I always cringe when I start writing these controversial blogs on religious ignorance. It always seems to strike a nerve with certain people. This is when I gain a couple followers and lose a couple… I find it interesting that those with the most aggressive religious convictions seem the most vulnerable to criticism. Still, it is such an important topic to me that I spent two chapters on the subject in my book The Responsive Universe. If we do not have unadulterated belief systems free of weighted dogma and blind faith, how are we to fully and spiritually self-evolve? I have written how we need to find a connection with the Universe – the big picture and not just man-made intervention.
Well, here it goes….
Oklahoma just narrowly passed a bill that will allow “students to challenge universally accepted scientific theories, such as evolution and climate change. Teachers would also be required to find more effective ways to address such controversies in their teachings.” The bill is basically smoke and mirrors with its main driving focus to allow creationism to be taught in local schools. Called the Scientific Education and Academic Freedom Act (that’s a joke), it was spearheaded by Republican state Rep. Gus Blackwell. Blackwell contends that there are teachers and students who may be afraid of going against what they see in their textbooks. I don’t know, maybe we should be more worried about the fact that the US ranks 14th in the world in education – and still declining. In a recent interview, Blackwell stated a student has the freedom to write a paper that points out that highly complex life may not be explained by chance mutations. I suppose I agree with that… Freedom of speech…. Freedom of mind, right?
Although I kind agree with this too: “When fascism comes to America, it will be wrapped in the flag and carrying the cross.” — Sinclair Lewis
Oooo that quote sizzles with stinging shock and awe…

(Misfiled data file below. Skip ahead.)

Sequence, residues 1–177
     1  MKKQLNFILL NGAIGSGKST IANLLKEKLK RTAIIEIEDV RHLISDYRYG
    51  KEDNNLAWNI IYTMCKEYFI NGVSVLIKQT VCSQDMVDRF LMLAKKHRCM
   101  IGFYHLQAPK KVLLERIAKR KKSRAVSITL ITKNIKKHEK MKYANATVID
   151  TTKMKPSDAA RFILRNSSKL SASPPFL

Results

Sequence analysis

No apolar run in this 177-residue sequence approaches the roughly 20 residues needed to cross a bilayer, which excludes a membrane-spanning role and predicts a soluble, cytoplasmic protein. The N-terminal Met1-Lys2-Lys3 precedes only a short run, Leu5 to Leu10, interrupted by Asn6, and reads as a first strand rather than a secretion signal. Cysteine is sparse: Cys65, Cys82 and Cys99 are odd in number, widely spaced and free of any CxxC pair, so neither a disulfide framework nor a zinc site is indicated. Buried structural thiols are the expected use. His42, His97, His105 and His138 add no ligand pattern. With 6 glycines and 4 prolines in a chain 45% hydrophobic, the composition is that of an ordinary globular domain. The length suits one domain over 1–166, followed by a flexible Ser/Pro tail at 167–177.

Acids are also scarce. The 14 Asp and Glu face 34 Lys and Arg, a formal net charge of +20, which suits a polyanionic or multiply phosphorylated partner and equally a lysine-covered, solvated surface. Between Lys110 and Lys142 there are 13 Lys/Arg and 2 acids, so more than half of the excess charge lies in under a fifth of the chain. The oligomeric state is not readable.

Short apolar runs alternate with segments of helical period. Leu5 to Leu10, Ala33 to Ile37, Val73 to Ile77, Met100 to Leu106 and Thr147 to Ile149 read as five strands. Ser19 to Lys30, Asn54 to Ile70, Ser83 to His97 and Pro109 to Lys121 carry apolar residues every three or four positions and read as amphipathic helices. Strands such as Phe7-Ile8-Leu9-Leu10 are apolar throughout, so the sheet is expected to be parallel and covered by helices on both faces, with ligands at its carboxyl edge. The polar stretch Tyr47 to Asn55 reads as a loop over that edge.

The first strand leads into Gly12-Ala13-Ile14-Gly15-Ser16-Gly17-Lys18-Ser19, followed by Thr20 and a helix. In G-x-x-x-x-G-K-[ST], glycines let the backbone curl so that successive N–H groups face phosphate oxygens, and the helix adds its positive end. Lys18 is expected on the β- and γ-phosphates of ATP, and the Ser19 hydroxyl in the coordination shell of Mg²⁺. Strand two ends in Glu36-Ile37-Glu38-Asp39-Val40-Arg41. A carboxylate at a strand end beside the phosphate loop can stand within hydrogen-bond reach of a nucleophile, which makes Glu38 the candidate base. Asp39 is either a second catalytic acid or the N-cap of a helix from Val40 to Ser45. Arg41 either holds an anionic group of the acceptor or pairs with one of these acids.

Are you still with me?
At first this bill disturbed me. I have a hard time with religion in our public schools; not because I am a non-believer (cause I am not) but because it is always a Christian agenda that is pushed. Why not teach Buddhist or Muslim ideals? Oh yeah, teaching Islam in our schools – that would go over well! The Christian agenda is such a double standard. Even my 11 year old son knows the Earth was not created 6000 years ago. Some of this stuff is just crazy talk. The fact that there are high-ranking government officials who choose Genesis over Evolution; these same officials that grace our Science Boards – it truly bewilders me…
Still, maybe it is a good thing… I mean from a global standpoint I think it is embarrassing, but maybe there is a silver lining to this blind faith and ignorance. Maybe allowing the debate to EVOLVE in our schools is good: The argument of science verses religion. So many people adopt these archaic beliefs because they do not know any better. It is easy to follow and not lead. That is the problem with this world and with religion in general – it teaches us to follow and not lead. It is too easy to adopt a belief without ever really thinking for yourself. It might be good if students did debate Adam and Eve verses Stellar Evolution and the Big Bang. Maybe it will educate people to actually think for themselves for once; to actually contemplate biblical history and the other alternate reality that runs parallel. You know, that crazy thing called reality…. To actually ponder and adopt belief systems they can call their own and not what Pat Robertson spews on cable TV. Once we actually stop and muse the world’s great questions many might come to the realization that it is a bigger picture. That God as it relates to man really does not center on man at all. It is only the ego that relates to man. That God is the Universe and the Universe is everything.
The Universe is… therefore we are……
John C. Bader
Did you like this post? Then PLEASE buy my book – they are lonely at Amazon.com and need a home